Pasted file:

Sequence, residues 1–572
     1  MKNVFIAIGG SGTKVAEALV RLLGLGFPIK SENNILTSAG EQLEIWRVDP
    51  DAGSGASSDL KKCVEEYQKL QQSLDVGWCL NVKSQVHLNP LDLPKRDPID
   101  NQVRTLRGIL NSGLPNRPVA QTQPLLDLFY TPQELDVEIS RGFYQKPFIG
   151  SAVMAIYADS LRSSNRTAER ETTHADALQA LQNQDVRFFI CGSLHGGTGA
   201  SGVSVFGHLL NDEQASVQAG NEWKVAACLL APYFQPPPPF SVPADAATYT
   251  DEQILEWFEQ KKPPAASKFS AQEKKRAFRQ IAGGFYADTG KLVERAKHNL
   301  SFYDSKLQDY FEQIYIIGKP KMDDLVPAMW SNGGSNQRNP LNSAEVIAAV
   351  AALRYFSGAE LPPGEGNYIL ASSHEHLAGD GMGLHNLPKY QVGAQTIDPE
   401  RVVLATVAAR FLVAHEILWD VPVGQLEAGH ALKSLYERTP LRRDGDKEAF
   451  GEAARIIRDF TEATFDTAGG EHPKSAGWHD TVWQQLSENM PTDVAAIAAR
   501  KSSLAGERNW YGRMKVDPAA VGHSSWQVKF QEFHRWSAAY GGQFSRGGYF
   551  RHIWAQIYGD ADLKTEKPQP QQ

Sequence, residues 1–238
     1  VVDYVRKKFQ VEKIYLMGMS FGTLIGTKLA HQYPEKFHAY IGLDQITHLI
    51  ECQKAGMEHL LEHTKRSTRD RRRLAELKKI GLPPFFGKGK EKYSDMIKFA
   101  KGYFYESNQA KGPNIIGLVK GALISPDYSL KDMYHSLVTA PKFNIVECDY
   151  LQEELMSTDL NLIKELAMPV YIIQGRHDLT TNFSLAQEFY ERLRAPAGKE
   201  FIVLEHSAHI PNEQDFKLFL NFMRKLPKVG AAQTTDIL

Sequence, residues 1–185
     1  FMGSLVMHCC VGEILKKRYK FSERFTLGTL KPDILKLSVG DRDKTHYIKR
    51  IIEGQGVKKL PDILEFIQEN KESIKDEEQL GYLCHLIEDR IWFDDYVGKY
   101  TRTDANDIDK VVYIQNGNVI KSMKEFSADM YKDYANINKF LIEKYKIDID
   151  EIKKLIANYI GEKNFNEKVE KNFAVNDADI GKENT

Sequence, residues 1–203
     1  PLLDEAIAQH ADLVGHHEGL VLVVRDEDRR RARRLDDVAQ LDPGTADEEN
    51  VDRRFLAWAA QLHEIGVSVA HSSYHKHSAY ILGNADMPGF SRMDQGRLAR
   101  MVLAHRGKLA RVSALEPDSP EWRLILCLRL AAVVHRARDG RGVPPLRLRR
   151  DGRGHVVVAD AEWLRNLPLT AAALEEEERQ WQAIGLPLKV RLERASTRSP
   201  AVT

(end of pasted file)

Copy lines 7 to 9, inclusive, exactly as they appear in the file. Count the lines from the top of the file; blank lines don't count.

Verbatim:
   251  DEQILEWFEQ KKPPAASKFS AQEKKRAFRQ IAGGFYADTG KLVERAKHNL
   301  SFYDSKLQDY FEQIYIIGKP KMDDLVPAMW SNGGSNQRNP LNSAEVIAAV
   351  AALRYFSGAE LPPGEGNYIL ASSHEHLAGD GMGLHNLPKY QVGAQTIDPE